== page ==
MAE 3210 Project1 Solved

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  1. Linear algebraic equations can arise in the solution of differential equations.For example, the following heat equation describes the equilibrium temperature T = T(x)(oC) at a point x (in meters m) along a long thin rod,

,                                              (1)

where Ta = 10oC denotes the temperature of the surrounding air, and h0 = 0.03(m−2) is a heat transfer coefficient. Assume that the rod is 10 meters long (i.e. 0 ≤ x ≤ 10) and has boundary conditions imposed at its ends given by T(0) = 20oC and T(10) = 100oC.

  • Using standard ODE methods, which you do not need to repeat here, thegeneral form of an analytic solution to (1) can be derived as

T(x) = A + Beλx + Ceλx,                                       (2)

where A, B, C, and λ are constants. Plug the solution of type (2) into both sides of equation (1). This should give you an equation that must be satisfied for all values of x, for 0 ≤ x ≤ 10, for some fixed constants A, B, C, and λ. Analyze this conclusion to determine what the values of A and λ must be.

  • Next, impose the boundary conditions T(0) = 20oC and T(10) = 100oC to derive a system of 2 linear algebraic equations for B and C. Provide the system of two equations you have derived.
  • Use one of the numerical algorithms you developed for homework 3 (Gausselimination or LU decomposition) to solve the algebraic system you derived in question 2(b) above, and obtain an analytic solution to (1) of the form (2). By analytic solution we mean an explicit solution to equation (1) which is valid for each x in the interval [0,10].
  • Next we will discuss how to obtain a numerical solution to (1). That is, we will seek to obtain an approximate solution to (1) which describes the value of T at 9 intermediate points inside the interval [0,10]. More precisely, the equation (1) can be transformed into a linear algebraic system for the temperature at 9 interior points T1 = T(1), T2 = T(2), T3 = T(3), T4 = T(4), T5 = T(5), T6 = T(6), T7 = T(7), T8 = T(8), T9 = T(9), by using the following finite difference approximation for the second derivative at the ith interior point,

,                                    (3)

where 1 ≤ i ≤ 9, T0 = T(0) = 20oC, T10 = T(10) = 100oC, and ∆x is the equal spacing between consecutive interior points (i.e. with 9 equally spaced interior points inside [0,10] it holds that ∆x = 1). Use (3) to rewrite (1) as a system of 9 linear algebraic equations for the unknowns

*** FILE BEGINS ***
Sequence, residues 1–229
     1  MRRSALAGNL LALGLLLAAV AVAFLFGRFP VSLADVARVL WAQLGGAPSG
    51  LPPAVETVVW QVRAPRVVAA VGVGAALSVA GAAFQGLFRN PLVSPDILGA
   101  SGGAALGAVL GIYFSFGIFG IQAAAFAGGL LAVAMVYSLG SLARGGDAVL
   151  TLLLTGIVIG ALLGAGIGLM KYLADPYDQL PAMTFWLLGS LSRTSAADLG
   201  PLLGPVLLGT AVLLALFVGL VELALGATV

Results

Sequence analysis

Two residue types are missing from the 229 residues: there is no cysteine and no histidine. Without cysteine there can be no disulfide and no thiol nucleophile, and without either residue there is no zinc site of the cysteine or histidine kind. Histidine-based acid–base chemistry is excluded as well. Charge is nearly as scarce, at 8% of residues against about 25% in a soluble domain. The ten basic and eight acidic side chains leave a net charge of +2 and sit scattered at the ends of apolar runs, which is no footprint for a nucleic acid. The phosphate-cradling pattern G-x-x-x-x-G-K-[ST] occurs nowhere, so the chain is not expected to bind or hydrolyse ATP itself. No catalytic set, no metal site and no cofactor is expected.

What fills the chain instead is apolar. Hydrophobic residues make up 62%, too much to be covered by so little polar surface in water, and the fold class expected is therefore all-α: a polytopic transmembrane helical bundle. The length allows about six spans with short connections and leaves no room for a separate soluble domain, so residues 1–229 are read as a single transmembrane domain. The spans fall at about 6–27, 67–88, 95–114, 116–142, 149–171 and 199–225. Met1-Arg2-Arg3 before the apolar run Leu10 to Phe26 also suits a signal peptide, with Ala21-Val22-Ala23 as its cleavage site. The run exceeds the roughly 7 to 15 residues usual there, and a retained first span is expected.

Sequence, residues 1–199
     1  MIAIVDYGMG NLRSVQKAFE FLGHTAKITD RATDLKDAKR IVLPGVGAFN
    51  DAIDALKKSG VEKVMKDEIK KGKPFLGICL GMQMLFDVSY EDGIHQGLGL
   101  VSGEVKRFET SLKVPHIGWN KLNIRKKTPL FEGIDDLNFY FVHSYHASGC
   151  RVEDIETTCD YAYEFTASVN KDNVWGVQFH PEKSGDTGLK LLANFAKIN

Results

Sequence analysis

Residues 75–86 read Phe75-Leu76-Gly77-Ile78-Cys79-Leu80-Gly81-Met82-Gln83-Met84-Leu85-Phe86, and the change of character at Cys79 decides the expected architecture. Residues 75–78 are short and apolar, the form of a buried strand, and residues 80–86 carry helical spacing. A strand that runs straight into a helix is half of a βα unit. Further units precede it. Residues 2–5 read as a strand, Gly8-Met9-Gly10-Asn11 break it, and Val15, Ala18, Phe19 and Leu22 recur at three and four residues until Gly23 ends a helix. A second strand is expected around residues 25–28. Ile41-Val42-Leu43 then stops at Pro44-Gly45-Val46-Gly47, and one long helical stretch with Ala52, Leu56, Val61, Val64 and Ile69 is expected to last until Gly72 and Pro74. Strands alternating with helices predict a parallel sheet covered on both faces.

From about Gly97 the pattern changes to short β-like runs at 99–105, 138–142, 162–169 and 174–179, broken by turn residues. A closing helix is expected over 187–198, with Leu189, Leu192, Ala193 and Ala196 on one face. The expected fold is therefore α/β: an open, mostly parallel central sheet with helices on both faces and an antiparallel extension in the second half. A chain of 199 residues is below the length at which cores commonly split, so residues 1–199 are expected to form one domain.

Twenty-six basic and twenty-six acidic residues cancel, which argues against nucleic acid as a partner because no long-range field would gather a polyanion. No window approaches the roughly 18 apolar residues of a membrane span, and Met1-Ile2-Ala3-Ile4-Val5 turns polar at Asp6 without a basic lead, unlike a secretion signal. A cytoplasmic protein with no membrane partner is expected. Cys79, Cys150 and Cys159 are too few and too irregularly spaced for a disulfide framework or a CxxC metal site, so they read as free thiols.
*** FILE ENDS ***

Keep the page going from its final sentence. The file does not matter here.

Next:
T1,T2,T3,T4,T5,T6,T7,T8, and T9. Provide the system of 9 equations you have derived.

  • Use one of the numerical algorithms you developed for homework 3 (Gausselimination or LU decomposition) to solve the system derived in question 1(d) above. Validate your numerical solution by comparison to the analytic solution that you obtained in 1(c) through depicting the two solutions on plots over the interval 0 ≤ x ≤ 10.
  • Write a function that takes as input the number of interior nodes n desired for your numerical solution (i.e. n = 9 in 1(d) above), and outputs the numerical solution to (1) in the form of the interior node values T1 = T(∆x), T2 = T(2∆x),…, Tn = T(nx).
  • Produce and submit 4 plots that compare your analytic solution to (1) derived in question 2(b) to the numerical solution generated in question 2(f) for n = 1, n = 4, n = 9, and n = 19, respectively.
  1. Develop an algorithm that uses the golden section search to locate the minimum of a given function. Rather than using the iterative stopping criteria we have previously implemented, design the algorithm to begin by determining the number of iterations n required to achieve a desired absolute error |Ea| (not a percentage), where the value for |Ea| is input by the user. You may gain insight by comparing this approach to a discussion regarding the bisection method on page 132 of the textbook. Test your algorithm by applying it to find the minimum of with initial guesses xl = 1 and xu = 5 and desired absolute error |Ea| = 0.
  2. Given f(x,y) = 2xy + 2y − 1.5x2 − 2y2,
    • Start with an initial guess of (x0,y0) = (1,1) and determine (by hand is fine) two iterations of the steepest ascent method to maximize f(x,y).
    • What point is the steepest ascent method converging towards? Justifyyour answer without computing any more iterations.
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